For law firms, there are generally two goals when designing a marketing campaign. One is to get more clients, and the other is to build your brand. No matter what your goal, investing in online marketing is essential – and, like it or not, Google is the way to go about it.
There are two ways to approach search engine marketing on Google: pay per click (PPC) and search engine optimization (SEO). Which is the better option for your law firm? Let’s take a look.
The Basics: PPC vs. SEO
Every time you Google something, you get two different kinds of results: organic and paid. Organic results are based solely on what the Google algorithm believes you’re searching for. This is determined, in part, by the appearance of keywords – as well as the expertise, reliability, and popularity of the site. There are a lot of pieces to the Google search algorithm and part of successful SEO is learning how to tap into those things. To sum it up, the better a website’s quality, the higher it ranks in organic Google search results.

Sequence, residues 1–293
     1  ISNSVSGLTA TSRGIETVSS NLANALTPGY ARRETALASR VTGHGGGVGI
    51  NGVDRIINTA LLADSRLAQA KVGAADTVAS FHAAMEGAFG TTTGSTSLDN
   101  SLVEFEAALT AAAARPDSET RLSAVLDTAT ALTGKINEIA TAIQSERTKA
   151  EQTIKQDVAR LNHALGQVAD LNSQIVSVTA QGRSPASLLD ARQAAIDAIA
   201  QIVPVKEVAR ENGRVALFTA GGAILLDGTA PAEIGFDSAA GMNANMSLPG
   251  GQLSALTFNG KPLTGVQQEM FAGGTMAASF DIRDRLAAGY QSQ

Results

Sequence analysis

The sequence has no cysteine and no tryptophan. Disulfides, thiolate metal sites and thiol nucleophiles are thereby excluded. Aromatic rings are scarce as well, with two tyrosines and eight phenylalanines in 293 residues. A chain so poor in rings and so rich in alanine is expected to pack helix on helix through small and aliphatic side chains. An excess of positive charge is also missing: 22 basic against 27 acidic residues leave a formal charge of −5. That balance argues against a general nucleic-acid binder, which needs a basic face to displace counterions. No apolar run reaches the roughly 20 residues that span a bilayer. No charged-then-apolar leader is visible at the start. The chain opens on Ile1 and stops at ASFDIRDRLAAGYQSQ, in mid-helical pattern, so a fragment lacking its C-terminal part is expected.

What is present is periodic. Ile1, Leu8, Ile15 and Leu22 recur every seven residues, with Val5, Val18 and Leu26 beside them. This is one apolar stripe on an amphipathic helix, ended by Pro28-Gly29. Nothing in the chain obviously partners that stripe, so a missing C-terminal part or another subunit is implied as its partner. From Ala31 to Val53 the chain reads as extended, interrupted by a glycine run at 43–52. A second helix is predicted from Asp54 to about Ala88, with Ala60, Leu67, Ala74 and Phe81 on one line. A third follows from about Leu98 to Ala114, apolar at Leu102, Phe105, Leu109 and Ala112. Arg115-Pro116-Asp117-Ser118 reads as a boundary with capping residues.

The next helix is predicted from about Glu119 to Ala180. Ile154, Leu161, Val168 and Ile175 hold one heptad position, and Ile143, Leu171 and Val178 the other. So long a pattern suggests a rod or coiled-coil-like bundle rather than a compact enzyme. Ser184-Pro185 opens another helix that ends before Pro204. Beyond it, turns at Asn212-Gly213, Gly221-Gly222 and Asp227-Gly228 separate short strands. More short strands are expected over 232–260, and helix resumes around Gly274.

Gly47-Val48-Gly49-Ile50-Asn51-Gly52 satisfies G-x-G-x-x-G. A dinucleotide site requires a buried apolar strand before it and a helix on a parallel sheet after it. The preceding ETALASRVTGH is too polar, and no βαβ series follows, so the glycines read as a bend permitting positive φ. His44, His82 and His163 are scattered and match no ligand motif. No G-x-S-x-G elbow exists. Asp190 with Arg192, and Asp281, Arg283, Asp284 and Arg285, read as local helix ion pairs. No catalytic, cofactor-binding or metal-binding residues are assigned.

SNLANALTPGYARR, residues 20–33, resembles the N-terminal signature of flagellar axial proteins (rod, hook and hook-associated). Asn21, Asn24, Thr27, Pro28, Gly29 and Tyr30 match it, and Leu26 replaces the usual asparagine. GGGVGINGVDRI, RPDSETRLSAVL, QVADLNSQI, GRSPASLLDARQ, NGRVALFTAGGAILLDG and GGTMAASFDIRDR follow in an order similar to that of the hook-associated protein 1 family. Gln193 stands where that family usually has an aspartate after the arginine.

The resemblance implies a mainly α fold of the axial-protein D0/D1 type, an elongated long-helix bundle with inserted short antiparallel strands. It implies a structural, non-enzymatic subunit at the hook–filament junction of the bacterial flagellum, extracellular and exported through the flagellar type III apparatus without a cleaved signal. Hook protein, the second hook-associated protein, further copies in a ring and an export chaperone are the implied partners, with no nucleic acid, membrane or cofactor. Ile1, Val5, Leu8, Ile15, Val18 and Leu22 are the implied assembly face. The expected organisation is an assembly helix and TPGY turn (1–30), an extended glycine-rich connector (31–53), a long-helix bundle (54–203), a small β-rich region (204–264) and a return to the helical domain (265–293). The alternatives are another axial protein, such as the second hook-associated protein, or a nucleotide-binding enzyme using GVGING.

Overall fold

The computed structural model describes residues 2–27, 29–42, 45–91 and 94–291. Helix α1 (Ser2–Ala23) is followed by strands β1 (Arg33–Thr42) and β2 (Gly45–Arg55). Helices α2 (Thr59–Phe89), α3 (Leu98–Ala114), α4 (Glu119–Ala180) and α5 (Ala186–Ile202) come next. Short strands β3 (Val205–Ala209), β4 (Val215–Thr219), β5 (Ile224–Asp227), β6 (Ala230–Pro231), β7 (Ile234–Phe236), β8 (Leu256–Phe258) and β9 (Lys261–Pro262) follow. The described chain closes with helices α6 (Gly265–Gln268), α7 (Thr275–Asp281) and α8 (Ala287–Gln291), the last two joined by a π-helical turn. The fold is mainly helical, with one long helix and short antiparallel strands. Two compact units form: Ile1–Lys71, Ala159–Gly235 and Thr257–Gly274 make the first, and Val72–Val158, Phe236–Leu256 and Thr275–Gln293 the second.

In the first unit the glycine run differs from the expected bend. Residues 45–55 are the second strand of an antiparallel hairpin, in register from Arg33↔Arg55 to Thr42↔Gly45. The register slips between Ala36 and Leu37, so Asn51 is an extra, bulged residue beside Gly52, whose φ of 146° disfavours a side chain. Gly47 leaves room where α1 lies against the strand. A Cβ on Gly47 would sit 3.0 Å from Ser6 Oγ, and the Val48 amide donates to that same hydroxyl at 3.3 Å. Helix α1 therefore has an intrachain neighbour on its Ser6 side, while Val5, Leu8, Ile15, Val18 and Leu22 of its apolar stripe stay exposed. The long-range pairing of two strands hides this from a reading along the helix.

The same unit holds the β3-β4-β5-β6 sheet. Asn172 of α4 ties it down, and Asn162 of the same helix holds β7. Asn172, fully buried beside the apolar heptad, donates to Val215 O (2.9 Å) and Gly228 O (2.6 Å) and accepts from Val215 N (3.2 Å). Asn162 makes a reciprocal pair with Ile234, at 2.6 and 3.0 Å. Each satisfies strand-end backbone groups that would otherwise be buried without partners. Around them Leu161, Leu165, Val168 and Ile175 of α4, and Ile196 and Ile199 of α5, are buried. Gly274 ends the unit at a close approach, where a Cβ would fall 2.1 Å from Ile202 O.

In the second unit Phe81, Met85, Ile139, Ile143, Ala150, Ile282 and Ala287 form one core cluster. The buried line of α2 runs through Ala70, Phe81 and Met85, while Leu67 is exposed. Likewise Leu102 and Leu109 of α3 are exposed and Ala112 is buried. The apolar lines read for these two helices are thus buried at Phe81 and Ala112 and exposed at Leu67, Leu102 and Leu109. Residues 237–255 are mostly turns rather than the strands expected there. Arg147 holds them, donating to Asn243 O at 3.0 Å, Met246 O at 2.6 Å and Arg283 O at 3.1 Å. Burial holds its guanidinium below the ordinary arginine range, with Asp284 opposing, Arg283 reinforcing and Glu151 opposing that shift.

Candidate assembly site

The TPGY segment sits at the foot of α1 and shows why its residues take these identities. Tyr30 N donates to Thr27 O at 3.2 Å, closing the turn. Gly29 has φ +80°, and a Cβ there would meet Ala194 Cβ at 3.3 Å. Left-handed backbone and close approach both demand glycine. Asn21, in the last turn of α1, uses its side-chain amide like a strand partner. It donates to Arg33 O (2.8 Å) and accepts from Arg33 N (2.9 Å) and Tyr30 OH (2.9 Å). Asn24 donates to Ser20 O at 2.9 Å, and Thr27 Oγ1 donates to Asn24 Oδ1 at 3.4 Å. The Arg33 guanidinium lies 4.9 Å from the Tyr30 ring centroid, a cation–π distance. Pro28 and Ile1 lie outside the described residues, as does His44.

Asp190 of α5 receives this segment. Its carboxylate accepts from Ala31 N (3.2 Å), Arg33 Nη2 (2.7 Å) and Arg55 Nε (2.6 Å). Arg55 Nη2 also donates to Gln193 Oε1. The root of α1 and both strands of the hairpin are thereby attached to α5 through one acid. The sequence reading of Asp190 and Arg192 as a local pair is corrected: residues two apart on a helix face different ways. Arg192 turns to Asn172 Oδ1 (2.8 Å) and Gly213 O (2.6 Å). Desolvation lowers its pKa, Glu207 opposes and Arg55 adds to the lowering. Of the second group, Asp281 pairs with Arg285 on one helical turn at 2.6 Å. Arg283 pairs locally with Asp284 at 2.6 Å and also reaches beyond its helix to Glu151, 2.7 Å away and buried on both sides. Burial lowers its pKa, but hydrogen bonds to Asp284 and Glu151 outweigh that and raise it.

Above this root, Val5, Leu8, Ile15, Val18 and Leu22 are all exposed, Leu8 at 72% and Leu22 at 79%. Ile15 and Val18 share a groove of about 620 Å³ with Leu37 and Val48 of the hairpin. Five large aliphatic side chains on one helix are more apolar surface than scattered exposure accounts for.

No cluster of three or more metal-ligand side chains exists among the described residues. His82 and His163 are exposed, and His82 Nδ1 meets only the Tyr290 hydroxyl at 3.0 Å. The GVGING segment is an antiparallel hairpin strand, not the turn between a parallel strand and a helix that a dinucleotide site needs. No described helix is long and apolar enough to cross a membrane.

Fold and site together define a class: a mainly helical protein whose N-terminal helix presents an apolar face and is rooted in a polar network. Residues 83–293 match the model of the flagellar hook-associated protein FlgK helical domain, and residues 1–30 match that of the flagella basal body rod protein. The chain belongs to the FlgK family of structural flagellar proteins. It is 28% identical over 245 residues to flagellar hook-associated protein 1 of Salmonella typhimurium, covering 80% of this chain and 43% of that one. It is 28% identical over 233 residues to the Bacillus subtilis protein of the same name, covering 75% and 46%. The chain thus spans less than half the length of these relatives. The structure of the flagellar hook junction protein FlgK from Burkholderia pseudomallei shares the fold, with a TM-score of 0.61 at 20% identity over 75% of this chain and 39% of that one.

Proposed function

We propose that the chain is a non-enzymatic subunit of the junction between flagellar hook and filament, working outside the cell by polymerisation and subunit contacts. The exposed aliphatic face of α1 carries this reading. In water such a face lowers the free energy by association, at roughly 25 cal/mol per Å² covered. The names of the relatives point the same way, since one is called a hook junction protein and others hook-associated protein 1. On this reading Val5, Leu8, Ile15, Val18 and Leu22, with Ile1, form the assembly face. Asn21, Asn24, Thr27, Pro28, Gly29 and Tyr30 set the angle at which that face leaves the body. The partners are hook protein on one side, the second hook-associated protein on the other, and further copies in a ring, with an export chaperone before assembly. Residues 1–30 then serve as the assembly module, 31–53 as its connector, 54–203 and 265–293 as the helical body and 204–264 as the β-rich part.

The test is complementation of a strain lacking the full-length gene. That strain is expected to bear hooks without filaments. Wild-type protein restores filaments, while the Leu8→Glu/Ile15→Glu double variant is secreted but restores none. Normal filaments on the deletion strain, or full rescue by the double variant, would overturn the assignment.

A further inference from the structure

Paid results are, well, paid for. They’re a completely separate part of Google advertising. Paid results appear at the very top of the search results and are usually clearly marked as an ad. There is still some keyword magic involved – as well as smart planning, monitoring, and adjusting the campaign as needed. But your competition consists of those bidding on the same keyword, not the entire internet.
So, which is better? Unfortunately, there’s no easy answer to that. Ultimately, it depends on what you want to achieve with your advertising campaign, the amount of time you have, and how much you’re willing to spend on marketing.
When PPC Is Worth It
PPC advertising is the clear winner when you want fast results. Choose the right keywords and budget, and your ads start to appear at the top of the search engine results page. Pick better keywords and set a higher budget than your competition, and your ad will always appear first.
Another benefit of using PPC is that you can easily see how effective your ad is, including how well each keyword is performing. This gives you a lot of control over because you can tweak the things that aren’t working and enhance the things that are.